Athol Fugard, "Introduction" (copyright © 1973, 1974 by Athol Fugard; reprinted by permission of Viking Penguin Inc.), in his Three Port Elizabeth Plays, Viking Penguin, 1974, pp. vii-xxv.
Last Updated on June 7, 2022, by eNotes Editorial. Word Count: 410
Athol Fugard's plays about the knife-edge life of blacks and coloreds in South Africa furnish some of the strongest and most moving stage literature being written in the English language.
"The Island," "Boesman and Lena," and "Sizwe Banzi" bob their human cockleshells just upstream from a giant whirlpool. The jaunty resilience of their characters has a tragic significance in the face of the racial and social rigors that will crush them.
These works are masterpieces, but Mr. Fugard, like any playwright, had to learn his trade…. ["Nongogo"] has some interest, but the main part of that may lie in the demonstration that a large talent can stumble quite a lot before it finds its way.
"Nongogo" … has found its theme: fearsome surroundings breed hope, and then destroy it. But the play is awkward and thin. It is unable to communicate very much about its characters, or make them much more than the servants of a noticeably ticking plot.
"Nongogo" means prostitute, and that was Queenie's trade before she set up her shabeen, or unlicensed bar, in one of Johannesburg's black shanty towns….
Queenie and Johnny are both vulnerable through their past. Johnny has spent a year in a mining camp where he was abused sexually. When Sam drops hints about Queenie's previous career, and she confirms them, Johnny is shattered. Their venture collapses. He is determined to pull himself out of the mud; but he cannot bear the idea that Queenie comes from the same mud. It is a vision that Mr. Fugard will continue to develop: society's degradation does not bring its victims together, it keeps them apart.
Queenie is the most real of the characters. Her sense of herself and where she wants to go makes her believable, and the crumbling of her dour defenses at a touch of hope makes her affecting. By contrast, Johnny is unreal. His warmth and hopefulness at the start crumble too suddenly and too completely; we have an explanation for it but explanations on a stage are like apologies in real life.
The three other characters—Sam, Blackie and a neighbor—are mere dabs of characterization, used only to drive the machinery. And once Johnny has learned about Queenie's past, the machinery pretty well stops. The last third of the play is little but speeches made in anger and pain.
Richard Eder, "'Nongogo', a Drama," in The New York Times (© 1978 by The New York Times Company; reprinted by permission), December 4, 1978, p. C15.
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If ever there was a born dramatist, it is the South African Athol Fugard…. ["Nongogo"], one of his earliest, was written and performed in South Africa in the late fifties…. Mr. Fugard appears to have found his subject and, to a large extent, his talent immediately. Himself a white man, he has written play after play about the various races—singly and in combination—imprisoned in his racist country, but in doing so he has never stooped to propaganda or case history….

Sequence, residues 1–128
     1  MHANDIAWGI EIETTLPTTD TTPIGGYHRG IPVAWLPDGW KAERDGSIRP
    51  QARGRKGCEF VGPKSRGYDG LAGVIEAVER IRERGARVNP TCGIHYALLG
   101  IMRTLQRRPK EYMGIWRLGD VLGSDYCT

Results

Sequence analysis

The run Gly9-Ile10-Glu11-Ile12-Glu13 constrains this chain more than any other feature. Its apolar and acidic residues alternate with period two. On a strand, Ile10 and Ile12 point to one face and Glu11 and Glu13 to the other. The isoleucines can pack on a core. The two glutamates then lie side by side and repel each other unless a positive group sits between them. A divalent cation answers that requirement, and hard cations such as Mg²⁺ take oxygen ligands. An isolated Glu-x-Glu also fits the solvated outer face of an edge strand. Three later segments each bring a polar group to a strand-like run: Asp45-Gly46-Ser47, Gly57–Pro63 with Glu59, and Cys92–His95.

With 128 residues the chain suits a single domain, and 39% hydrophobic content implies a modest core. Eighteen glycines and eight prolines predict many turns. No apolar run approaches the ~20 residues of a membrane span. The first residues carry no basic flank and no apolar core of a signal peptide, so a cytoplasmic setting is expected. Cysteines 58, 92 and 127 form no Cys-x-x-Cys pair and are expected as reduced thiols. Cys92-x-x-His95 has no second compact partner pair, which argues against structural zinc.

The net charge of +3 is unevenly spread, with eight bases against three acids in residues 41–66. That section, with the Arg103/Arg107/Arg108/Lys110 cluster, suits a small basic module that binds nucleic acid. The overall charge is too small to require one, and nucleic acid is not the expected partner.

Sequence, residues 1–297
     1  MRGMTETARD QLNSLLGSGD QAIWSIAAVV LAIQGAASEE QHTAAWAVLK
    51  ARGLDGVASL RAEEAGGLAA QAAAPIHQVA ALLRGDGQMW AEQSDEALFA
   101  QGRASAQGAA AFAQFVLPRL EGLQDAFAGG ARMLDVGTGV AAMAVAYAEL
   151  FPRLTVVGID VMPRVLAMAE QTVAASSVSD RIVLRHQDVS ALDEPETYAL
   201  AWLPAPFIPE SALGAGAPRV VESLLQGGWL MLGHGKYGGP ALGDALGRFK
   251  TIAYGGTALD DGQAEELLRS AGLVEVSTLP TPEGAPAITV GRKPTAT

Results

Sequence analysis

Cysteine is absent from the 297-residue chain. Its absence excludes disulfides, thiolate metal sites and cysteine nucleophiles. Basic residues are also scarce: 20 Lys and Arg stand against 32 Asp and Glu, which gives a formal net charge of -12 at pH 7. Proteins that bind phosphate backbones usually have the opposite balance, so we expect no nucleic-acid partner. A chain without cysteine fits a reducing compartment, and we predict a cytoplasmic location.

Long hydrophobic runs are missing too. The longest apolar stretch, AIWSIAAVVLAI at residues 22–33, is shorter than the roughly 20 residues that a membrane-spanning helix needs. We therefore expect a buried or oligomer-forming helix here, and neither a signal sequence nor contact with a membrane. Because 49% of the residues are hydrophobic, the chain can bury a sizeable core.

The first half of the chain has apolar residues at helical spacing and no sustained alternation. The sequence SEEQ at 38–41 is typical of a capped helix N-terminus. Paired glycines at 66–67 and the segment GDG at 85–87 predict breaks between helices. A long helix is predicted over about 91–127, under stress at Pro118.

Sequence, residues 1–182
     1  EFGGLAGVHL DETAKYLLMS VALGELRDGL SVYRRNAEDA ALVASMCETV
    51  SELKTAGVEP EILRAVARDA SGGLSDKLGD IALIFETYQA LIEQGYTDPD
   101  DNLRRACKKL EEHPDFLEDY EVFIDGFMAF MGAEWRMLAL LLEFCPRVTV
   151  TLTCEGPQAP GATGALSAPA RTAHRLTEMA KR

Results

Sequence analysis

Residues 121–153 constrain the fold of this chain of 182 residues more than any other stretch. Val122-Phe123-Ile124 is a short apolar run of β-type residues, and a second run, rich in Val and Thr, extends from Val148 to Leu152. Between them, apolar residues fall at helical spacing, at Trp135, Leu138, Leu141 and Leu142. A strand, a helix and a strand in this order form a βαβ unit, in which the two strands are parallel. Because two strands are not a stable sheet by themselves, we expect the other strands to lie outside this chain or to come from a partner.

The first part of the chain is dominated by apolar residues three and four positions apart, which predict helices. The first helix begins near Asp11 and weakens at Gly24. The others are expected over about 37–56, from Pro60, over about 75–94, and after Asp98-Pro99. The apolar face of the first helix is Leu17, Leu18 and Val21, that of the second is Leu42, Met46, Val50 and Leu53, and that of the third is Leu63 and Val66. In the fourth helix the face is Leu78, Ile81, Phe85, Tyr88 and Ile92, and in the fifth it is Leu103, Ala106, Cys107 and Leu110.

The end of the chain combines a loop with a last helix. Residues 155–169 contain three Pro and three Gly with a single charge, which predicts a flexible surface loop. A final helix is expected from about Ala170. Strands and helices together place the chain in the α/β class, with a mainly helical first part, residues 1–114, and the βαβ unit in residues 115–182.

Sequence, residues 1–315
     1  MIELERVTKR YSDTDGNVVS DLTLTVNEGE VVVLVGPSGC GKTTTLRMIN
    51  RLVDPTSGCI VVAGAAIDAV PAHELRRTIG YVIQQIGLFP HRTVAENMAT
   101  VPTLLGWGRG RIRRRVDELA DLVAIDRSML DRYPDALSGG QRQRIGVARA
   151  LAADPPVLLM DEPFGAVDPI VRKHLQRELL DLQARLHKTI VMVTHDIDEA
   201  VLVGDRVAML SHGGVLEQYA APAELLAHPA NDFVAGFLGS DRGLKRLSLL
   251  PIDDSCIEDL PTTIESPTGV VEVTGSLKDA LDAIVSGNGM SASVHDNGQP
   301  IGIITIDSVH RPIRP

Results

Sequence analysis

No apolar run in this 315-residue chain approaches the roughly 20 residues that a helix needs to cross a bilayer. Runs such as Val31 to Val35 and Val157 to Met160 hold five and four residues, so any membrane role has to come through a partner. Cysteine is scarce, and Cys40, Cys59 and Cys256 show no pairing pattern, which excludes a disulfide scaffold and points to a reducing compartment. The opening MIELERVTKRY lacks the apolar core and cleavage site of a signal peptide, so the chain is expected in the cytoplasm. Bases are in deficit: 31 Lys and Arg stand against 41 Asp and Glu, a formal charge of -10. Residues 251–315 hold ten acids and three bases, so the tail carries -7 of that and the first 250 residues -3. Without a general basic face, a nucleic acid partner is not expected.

The small touches in the play and the excitement they generate—the whipping of the bright cloths on and off the table, for example—more than make up for its occasional awkwardness. If the plot seems melodramatic and arbitrary, and its hopeless ending forced, it is because the playwright has not yet learned to conceal his hand, but he has learned—or is on his way to learning—everything else of importance. The characters, their feelings, and the lines they speak (when the lines are not too openly expository) are admirably done, and there is enough suspense and wonder to keep things on the boil.
Edith Oliver, "The Theatre: 'Nongogo'," in The New Yorker (© 1978 by The New Yorker Magazine, Inc.), Vol. LIV, No. 43, December 11, 1978, p. 57.
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Fugard has not only become South Africa's leading dramatist, he has also, as much as any man, made the world conscious of the horrors of apartheid. But good as some of Fugard's later work is, this piece of juvenilia [Nongogo] is creaky, predictable, unconvincingly simplistic, and afflicted with a particularly awkward dramatic failing: overacceleration…. As in ancient newsreels, where people seem to move in a funny little quickstep, the plot skips ahead from expected twist to unsurprising reversal. What, in more experienced hands, could have had the measured pace of the inevitable, displays only the tugging of a nervous puppeteer. (pp. 88, 90)
John Simon, "Futile Fandango," in New York Magazine (copyright © 1978 by News Group Publications, Inc.; reprinted with the permission of New York Magazine), Vol. 11, No. 51, December 18, 1978, pp. 88, 90.∗
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Athol Fugard is a political tragedian, a very rare kind of writer indeed. His characters—sometimes consciously, more often not—revolt against the social order, but they are neither beaten back by it nor do they defeat it. They destroy each other instead. The idea of personal growth, of change, of effective individual action is banished by the very nature of South Africa. Fugard does not cry for the beloved country—he describes with painful detail a nation in which daily activities are turned into recurrent horrors by constant oppression.
Fugard wrote Nongogo 20 years ago, but the play's themes remain current in his work. This is not a failure of the writer to evolve, but the continued presence of apartheid. It is one thing to tell a story of personal distruction. It is another to have to tell it over and over and over again, because the world of oppression never lightens. Then the outcome of all human intercourse becomes tragic. Nothing in any one of Fugard's plays is nearly so horrific as the fact that he has been writing about the same thing for over a generation. What is astonishing is that Fugard can continue to write at all. (p. 126)
Terry Curtis Fox, "20 Years Ago Is Now," in The Village Voice (copyright © 1978; reprinted by permission), Vol. XXIII, No. 51, December 18, 1978, pp. 126, 128.∗